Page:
True Joy and Self-Denial
A sermon on Genesis 45:16-47:27 by Coty Pinckney, Desiring God Community Church, Charlotte, NC, 11/14/04
What have you lost that you would dearly love to have back?
Some might think first of a car they loved that’s never been matched. Others, of a pet who died. But for many of us the answer is a person: a grandparent, a parent, a child. And in some of these cases, it is not death the separates us, but a fight, a dispute, with the resulting bitterness and anger. But in these cases too we want so badly to have that person back – to have the relationship restored.
Regardless of whether it is death or anger that separates you: What would you do to have that person back? Would you do anything? Anything?
Today’s text gives us an example of someone who has the opportunity to have a dearly loved child back. After 22 years of thinking that his favorite son is dead, Jacob finds out that Joseph is alive. His long lost son also is a ruler of Egypt, and invites him to join him in that country. Jacob wants to see Joseph more than anything. He starts to go - but then he pauses, and wonders: Am I disobeying God in going to my son? What do I want more: Joseph or God?
That’s a question we must ask ourselves also. As much as we want a person back, as much as we want a relationship restored, what do we want most?
Recall that in last week’s text, Joseph revealed himself to his brothers. Convinced that they were repentant for selling him into slavery 22 years before, he tells them he is the very brother they sinned against. He forgives them – for he sees the way God has sovereignly used that sin to save Egypt an to save the brothers themselves.
Anxious to see his father, Joseph twice tells his brothers, “Hurry”! There are five more years of famine. Joseph wants the entire family to come to Egypt right away, both to escape the famine and to be with him. Joseph promises to take care of them.
Today’s text shows the fulfillment of that desire, including the subsequent prospering of the Israelites in Egypt, as well as the prospering of the Pharaoh because of God’s blessing through Israel.
We’ll look briefly at that overall story – the macro picture – as God works out His plan for the Israelites. But we’ll focus this morning on the question facing Jacob: Is he willing to give up the opportunity to see Joseph in order to walk with God? Should he go to Egypt?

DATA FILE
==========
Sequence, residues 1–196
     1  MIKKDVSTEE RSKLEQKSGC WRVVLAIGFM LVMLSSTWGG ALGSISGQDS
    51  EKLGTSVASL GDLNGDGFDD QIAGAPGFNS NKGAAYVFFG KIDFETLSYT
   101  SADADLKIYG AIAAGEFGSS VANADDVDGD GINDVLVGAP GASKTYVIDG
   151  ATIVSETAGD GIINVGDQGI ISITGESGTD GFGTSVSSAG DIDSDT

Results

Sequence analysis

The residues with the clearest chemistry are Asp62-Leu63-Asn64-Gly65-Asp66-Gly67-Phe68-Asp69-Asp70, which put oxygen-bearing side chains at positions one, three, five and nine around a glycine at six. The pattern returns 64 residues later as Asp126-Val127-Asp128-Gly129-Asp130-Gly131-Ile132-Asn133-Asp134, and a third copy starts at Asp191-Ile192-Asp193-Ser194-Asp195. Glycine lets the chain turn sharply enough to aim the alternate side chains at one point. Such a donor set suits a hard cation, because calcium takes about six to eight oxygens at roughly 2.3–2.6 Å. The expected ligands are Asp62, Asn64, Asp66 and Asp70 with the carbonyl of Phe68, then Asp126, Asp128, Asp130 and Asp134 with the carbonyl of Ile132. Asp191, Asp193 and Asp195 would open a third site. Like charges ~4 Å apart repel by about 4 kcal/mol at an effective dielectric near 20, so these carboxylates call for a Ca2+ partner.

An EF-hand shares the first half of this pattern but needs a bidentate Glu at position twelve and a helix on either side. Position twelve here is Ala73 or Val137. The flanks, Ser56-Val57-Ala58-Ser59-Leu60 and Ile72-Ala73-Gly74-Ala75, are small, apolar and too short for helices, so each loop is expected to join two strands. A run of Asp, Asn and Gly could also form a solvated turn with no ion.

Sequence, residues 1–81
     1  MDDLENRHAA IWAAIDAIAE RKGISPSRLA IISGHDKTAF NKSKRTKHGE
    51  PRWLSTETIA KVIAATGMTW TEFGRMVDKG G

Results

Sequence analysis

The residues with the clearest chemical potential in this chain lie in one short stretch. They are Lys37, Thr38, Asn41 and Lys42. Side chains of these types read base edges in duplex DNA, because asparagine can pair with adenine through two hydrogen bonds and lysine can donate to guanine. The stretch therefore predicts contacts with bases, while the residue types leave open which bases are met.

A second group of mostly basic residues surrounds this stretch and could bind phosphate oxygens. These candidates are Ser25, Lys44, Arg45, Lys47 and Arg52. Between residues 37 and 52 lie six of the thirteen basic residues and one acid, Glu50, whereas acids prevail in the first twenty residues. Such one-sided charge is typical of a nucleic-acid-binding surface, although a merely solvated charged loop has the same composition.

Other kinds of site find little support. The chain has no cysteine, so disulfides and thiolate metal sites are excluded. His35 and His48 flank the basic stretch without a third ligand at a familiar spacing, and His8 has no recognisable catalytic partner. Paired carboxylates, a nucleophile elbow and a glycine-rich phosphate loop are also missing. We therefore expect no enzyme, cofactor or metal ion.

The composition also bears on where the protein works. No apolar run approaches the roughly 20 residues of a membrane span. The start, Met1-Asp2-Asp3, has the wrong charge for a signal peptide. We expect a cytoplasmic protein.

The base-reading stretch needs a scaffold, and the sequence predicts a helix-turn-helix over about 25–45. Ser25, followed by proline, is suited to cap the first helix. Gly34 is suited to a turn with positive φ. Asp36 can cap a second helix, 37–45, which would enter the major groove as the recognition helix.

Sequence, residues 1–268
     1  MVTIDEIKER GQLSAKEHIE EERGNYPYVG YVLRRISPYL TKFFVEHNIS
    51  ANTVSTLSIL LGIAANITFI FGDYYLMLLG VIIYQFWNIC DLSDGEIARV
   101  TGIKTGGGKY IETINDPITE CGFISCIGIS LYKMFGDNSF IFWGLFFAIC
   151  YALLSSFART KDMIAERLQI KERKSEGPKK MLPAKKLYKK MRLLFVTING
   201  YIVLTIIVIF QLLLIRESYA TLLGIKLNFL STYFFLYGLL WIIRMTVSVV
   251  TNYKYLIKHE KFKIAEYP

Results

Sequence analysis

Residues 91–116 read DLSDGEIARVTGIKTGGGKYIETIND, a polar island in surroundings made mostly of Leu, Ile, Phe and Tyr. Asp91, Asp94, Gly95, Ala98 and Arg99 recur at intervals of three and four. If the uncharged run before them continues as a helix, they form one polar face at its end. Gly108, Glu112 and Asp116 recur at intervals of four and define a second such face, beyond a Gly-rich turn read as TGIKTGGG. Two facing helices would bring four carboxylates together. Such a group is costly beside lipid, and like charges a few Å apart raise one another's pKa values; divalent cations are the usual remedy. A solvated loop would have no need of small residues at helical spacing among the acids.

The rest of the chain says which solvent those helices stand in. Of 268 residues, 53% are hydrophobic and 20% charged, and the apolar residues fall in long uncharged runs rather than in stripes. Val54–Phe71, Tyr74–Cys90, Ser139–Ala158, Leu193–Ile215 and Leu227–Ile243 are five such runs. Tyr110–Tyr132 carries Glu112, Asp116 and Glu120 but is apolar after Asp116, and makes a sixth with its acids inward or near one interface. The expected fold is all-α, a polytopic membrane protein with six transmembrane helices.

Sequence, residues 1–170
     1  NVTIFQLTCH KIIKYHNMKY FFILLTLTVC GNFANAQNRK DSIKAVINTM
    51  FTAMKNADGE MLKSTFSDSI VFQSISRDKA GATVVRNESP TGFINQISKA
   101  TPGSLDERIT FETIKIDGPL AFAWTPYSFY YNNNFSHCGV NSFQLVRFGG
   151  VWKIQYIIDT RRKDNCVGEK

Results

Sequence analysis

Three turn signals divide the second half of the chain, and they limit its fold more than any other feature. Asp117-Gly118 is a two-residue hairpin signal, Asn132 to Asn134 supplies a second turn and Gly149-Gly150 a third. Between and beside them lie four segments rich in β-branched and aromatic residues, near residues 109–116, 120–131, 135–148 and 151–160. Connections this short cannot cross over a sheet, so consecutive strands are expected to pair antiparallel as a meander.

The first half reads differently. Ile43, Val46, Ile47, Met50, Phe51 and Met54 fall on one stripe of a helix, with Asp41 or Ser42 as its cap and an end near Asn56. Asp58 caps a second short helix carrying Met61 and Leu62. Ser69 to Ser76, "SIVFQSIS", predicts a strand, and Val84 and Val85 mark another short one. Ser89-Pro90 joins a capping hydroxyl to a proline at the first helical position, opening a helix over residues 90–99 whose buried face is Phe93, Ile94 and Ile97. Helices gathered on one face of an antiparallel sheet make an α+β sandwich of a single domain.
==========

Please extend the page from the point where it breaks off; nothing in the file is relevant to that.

We’ll see how he answers that question, and ask similar questions of ourselves.
Our passage begins with Pharaoh inviting Joseph’s family to Egypt. He indeed commands Joseph to send wagons to transport Jacob, the women, and the children. The word “wagons” doesn’t sound too elegant to us. But remember: Pharaoh is the most powerful king – and the richest king – in the world at this time. Thus, these wagons are not rickety and cracked, but ornate and beautiful. Perhaps a modern equivalent of Pharaoh’s command would be, “Joseph, take my limos and send them to pick up your family. Forget about their goods – just take along a few snacks for the ride. I’ll provide all they need when they get here.”
This is a generous offer. Indeed, this king of Egypt – in contrast to the Pharaoh during the time of Moses - is always portrayed as generous, wise, and discerning.
Joseph sends the wagons/limos back for his family, and includes his own presents. Furthermore, Joseph gives gifts to all his brothers. Benjamin receives the greatest gift, but even the brothers who sold Joseph into slavery receive gifts from him.
Finally, Joseph sends them off saying, “Don’t quarrel.” Why does he say that?
The brothers must tell their father that Joseph is alive, and is a ruler in Egypt. This is good news – but they must also tell their father of their role in getting Joseph to Egypt. After 22 years of silence, they must confess their sin.
Joseph knows there is considerable temptation here to blame each other. Indeed, he’s already heard some of that. In 42:22, when the brothers are interpreting their having to leave Simeon in Egypt as punishment for what they did to Joseph, Reuben says, “Did I not tell you not to sin against the boy?” They easily could try to justify themselves, and end in a great argument. So Joseph warns them against that.
In any event, they travel home and tell their father Jacob. We’ll look at Jacob’s response later. Then all of the household goes to Egypt; details of the individuals are given in 46:8-26.
Joseph, having achieved his goal of getting his family into the country, now wants to ensure that they live in the right spot. Pharaoh has promised good land, but Joseph wants a particular place: Goshen, in the delta of the River Nile. This is not only good land, but also is isolated from the rest of Egyptian society. So Joseph tells his brothers what to say to Pharaoh in order to get him to agree to let them live in Goshen. They obey, and all works out even better than Joseph desires, for Pharaoh tells Joseph to put the best of his brothers in charge of the king’s livestock.
Then Joseph brings Jacob in to bless Pharaoh. Let’s read these verses: